15 DIARY OF A WIMPY KID 3: THE LAST STRAW*, Jeff Kinney (Amulet; hardcover; 9780810970687) 289,000

*These editions were first published prior to 2010
And of course, the NY Times, USA Today, and many other publications have their own best-seller lists to consult.


You can also look at the Award winners, which tend to come out the following year (so in 2012 we'll find out which books won for 2011.)

Just yesterday the ALA announced the top 2012 awards in children’s and young adult literature as the finale of their ALA Midwinter Meeting!

There are LOTS of authors and illustrators you'll recognize and cheer on - and some of them you can even congratulate in person at #NY12SCBWI!

Like John Rocco, whose "Blackout" was named a Caldecott Honor Book!  And Peter Brown, whose book "Children Make Terrible Pets" was made into the Andrew Carnegie Medal-winning best children's video!

Little, Brown, HarperCollins, Henry Holt, Delacorte Press/Random House, Scholastic, Penguin, Simon & Schuster, Houghton Mifflin Harcourt, Lee and Low and Macmillian are all well-represented among this year's winners... and among our #NY12SCBWI faculty!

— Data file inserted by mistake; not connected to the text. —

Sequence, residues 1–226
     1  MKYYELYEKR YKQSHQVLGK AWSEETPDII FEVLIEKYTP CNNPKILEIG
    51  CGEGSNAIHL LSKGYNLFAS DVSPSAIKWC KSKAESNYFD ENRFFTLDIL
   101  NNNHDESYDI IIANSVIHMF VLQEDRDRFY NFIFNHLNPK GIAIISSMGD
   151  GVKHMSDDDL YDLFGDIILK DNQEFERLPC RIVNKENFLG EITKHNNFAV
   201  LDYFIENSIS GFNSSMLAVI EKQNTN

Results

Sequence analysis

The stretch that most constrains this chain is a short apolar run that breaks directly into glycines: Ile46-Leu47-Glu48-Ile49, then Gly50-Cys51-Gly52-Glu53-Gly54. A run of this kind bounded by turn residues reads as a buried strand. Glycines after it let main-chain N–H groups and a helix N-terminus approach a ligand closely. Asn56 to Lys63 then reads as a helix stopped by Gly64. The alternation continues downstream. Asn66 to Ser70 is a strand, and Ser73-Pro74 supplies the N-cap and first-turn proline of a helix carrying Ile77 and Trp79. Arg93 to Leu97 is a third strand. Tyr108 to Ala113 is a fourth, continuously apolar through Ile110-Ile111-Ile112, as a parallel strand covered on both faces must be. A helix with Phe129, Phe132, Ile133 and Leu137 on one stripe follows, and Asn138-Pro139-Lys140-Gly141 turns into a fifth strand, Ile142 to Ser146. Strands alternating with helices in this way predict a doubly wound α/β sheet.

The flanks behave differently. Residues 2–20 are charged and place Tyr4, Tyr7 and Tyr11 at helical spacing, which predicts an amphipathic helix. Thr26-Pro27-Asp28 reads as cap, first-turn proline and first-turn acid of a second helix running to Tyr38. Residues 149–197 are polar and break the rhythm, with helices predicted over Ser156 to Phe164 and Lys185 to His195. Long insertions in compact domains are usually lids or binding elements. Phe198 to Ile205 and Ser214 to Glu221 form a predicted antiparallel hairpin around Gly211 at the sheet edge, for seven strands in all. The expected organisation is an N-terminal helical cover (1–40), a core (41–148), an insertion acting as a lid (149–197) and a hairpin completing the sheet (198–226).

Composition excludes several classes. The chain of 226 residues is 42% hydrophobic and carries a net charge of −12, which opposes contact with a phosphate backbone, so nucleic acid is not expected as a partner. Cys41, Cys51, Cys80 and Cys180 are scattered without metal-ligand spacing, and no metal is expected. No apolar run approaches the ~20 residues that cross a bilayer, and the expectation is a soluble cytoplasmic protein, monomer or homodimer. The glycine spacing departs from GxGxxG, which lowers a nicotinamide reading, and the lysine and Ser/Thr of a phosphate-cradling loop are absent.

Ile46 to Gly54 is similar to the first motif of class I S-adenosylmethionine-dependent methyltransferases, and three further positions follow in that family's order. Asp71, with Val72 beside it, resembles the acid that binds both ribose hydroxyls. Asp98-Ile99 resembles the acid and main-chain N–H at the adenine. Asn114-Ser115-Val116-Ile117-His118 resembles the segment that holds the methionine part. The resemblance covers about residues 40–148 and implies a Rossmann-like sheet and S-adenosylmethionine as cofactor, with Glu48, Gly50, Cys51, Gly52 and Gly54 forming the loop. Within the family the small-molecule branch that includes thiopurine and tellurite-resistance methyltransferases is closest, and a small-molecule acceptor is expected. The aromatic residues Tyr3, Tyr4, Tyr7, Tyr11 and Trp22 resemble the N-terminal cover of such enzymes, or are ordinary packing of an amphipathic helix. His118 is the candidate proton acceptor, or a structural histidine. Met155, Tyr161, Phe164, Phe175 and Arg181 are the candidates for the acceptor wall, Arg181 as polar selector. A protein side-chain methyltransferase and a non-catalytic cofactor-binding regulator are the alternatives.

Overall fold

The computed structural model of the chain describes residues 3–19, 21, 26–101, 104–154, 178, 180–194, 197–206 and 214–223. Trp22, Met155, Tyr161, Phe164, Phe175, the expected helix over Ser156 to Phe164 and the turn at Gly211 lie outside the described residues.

The Cybils nominations for 2011 are out as well (these are the book blogger awards.) And here are some past award lists to explore:

SCBWI's 2011 Golden Kite Awards

SCBWI's 2011 Crystal Kite Winners

The 2011 Newbery Winner and Honors Books

The Other 2011 Association for Library Service to Children Award Winners

And there are also diversity-focused lists and awards, like the 2011 Rainbow Books (for GLBTQ kid lit), the Coretta Scott King Book Award Recipients (awards given to African American authors and illustrators for outstanding contributions to literature for children and young adults) and the Sydney Taylor Book Award (books for children and teens that portray the Jewish experience.)

Word Of Mouth.

Talk to others and get their recommendations.  Booksellers.  Librarians.  Friends.  Read kid lit blogs and book reviews. 

For those of us creating content for children, it can also be fascinating to focus on a single editor's output by looking at the lists of published books that accompany their conference bios, and also the "edited by" document at scbwi.org.  (Here's how to find it:  sign in at scbwi.org, go to the resource library, just getting started, SCBWI publication guide online, getting started: preparing and submitting your work, click on "Edited By: A House-by-House Listing of Editorial Credits" and it will download as a pdf. file to your computer.  An excellent resource!)